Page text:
Stephen Stewart | FEBRUARY 9, 2016
LAST WEEK DAVID’S POST addressed the role that media plays in connecting audiences to your brand (and vice versa). It’s gold – if you haven’t read it you need to. Today I’ll pick up where David left off and talk about how to develop a media plan. We’ll look at the interplay between the three main media categories: owned, earned and paid media. We’ll also look at when your brand needs to consider paid media and how to go about building a media plan. First things first, though let’s make sure we know what we’re talking about when we say owned, earned and paid media:
Owned media are places where you own the space and can promote your brand anyway you’d like. Your website, office locations, retail locations, the uniforms your employees wear…any location that you own.
Earned media used to refer primarily to mentions of your company or brand in the media (a mention on TV, an article in a newspaper or trade journal). Today, it still refers to those media, but also includes digital media and social media channels. A significant bonus that comes with earned media: a positive mention of your brand from a third party typically carries more credibility than a claim you make about your brand.
Paid media is advertising as people traditionally think of it: banner ads, billboards, TV spots, print ads, movie trailers and so on.
These media do not exist independently of each other. In fact, you really don’t want them to. You want as much cross over between these three media as you can get. This excellent graphic from the Online Marketing Institute depict an idealized version of how the three types of media work together. As you can see, owned media and earned media are frequently in dialogue. You’ll also see that the members of your audience that are the most engaged (fans) come from earned media, in large part because third party referrals build trust. It’s always better to have someone else say something nice about your brand than to say it yourself.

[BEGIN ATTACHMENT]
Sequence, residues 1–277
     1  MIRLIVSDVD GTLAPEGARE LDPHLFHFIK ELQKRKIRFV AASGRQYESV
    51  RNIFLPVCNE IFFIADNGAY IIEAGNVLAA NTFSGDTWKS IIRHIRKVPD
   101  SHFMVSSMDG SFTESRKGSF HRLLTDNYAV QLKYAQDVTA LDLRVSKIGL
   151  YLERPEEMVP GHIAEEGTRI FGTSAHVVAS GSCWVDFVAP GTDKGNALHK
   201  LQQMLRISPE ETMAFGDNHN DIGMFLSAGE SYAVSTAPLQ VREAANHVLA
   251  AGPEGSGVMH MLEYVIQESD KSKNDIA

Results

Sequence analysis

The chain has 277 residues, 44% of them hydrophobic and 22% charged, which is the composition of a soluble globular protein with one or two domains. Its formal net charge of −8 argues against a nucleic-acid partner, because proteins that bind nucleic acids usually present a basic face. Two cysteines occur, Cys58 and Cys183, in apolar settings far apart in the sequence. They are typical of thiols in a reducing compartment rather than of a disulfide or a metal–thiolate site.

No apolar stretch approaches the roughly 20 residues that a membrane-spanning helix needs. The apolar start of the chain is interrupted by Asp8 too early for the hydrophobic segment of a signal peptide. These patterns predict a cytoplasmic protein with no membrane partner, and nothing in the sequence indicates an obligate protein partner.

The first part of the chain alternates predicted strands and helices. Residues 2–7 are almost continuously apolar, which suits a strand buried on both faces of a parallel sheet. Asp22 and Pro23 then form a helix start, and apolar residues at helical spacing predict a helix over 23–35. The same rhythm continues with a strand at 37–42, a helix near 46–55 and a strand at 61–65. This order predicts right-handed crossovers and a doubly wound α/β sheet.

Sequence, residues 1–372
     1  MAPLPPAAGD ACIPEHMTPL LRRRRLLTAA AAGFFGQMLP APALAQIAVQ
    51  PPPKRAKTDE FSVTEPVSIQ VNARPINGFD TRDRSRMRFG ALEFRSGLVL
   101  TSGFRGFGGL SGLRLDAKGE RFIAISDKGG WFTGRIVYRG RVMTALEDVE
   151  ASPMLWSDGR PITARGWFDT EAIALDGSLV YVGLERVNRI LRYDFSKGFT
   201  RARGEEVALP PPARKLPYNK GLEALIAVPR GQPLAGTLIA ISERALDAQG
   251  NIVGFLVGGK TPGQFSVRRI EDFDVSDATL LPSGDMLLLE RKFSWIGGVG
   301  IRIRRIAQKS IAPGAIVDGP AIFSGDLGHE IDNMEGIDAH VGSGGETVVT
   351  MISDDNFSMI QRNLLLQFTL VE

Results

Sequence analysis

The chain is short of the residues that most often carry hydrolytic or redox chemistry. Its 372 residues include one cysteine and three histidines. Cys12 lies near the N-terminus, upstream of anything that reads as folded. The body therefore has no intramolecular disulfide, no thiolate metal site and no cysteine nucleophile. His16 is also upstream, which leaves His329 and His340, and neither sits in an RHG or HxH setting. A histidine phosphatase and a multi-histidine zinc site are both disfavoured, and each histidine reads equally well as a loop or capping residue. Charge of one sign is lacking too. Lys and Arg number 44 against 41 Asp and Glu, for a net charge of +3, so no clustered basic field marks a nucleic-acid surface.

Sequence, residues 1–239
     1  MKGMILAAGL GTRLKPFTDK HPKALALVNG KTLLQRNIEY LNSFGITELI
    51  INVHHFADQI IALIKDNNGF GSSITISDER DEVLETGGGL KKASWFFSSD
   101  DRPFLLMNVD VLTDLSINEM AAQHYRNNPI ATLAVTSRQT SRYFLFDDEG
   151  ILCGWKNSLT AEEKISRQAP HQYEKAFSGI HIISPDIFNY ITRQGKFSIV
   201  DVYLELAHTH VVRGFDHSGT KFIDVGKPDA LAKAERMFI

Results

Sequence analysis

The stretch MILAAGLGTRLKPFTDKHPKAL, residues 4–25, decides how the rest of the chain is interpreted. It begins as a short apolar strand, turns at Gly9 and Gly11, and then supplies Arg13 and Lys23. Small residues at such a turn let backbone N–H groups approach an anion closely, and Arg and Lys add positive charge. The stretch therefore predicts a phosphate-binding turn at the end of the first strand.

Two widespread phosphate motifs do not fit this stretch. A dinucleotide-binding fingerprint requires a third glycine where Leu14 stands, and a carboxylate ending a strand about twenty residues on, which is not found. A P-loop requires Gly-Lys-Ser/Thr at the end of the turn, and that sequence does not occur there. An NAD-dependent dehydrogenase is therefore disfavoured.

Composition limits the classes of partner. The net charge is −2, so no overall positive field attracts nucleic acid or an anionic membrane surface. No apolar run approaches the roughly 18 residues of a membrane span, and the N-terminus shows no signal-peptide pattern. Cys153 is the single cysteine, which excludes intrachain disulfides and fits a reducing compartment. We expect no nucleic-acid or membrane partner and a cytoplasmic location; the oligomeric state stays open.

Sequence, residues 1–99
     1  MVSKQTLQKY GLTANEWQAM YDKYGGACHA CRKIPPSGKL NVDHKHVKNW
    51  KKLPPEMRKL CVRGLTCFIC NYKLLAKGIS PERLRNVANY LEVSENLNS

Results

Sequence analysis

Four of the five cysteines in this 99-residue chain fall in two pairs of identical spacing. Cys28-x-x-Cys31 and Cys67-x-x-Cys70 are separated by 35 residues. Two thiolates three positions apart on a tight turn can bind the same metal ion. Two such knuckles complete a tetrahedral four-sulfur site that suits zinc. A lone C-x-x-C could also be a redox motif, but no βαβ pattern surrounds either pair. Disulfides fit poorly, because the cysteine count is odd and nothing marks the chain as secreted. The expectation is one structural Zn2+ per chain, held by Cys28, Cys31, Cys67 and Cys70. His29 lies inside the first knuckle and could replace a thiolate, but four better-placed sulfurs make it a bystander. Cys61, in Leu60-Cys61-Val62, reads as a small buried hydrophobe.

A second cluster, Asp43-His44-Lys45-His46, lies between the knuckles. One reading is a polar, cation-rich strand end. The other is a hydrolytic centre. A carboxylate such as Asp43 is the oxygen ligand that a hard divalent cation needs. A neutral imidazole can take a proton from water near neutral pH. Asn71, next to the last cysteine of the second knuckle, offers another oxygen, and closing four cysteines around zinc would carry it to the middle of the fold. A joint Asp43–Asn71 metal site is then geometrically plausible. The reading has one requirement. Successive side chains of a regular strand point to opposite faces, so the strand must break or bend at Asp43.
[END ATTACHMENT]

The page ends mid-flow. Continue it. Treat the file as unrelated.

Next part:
Your owned media will attract an audience, some who are really engaged with your brand, others who are exploring. Paid media will, as you’d expect, have the most passive audience, many will not know your brand at all and it’s the job of any advertising you develop for this space to make your brand (and its products and services) as attractive as possible to the right audiences.
So when will you know it’s time to invest in a paid media campaign? When you have exhausted the potential of your owned and earned media. There is a point of diminishing returns when you’ve reached everyone you are going to get through owned and earned media. Paid media is how your brand gets introduced to new people and makes new friends.
The main ingredient in a successful media plan is preparation. The more time you spend defining the objective for your media plan (and subsequent creative development and media buy) the better your results are going to be. The most important concepts to keep in mind when crafting a brief for your media plan are:
One more thing: use a media planner to craft your plan and make your media buy, this is not something you want to do on the fly. You’re spending actual money here, make sure it’s being spent wisely.
All the information in a media plan has value, but the areas to focus on are the cost-per-Impression (CPM – the M is for the roman numeral 1,000, the number of impressions delivered for the cost) and the click-through-rate (CTR). These tell you how much you are paying for your digital advertising (print advertising will give you the circulation number) and the CTR tells you how many people, on average, click the banners on a given media site. Click-throughs are not the only value that a banner delivers, brand awareness is typically driven by media exposure (the number of cumulative times your audience has been exposed to your brand’s advertising), but CTR does provide a relative gauge for how engaged viewers of the site are (higher CTR indicates higher awareness).
Of course it’s equally important to make sure your media planner has media that address the audience you need to reach. This is captured in a metric called a comp score. It’s a comparison of like media and provides a snapshot of how closely a given media matches the objectives you set in the brief. A good rule of thumb is to stick with media with a comp score of better than 90 (provided that the media fits within your budget).
Now let’s assume you have a media plan you like. The next step is to produce a creative campaign that delivers differentiated, on-brand messages. Amo and Cate will take you through the creative campaign production process to bring to life your media buy next week.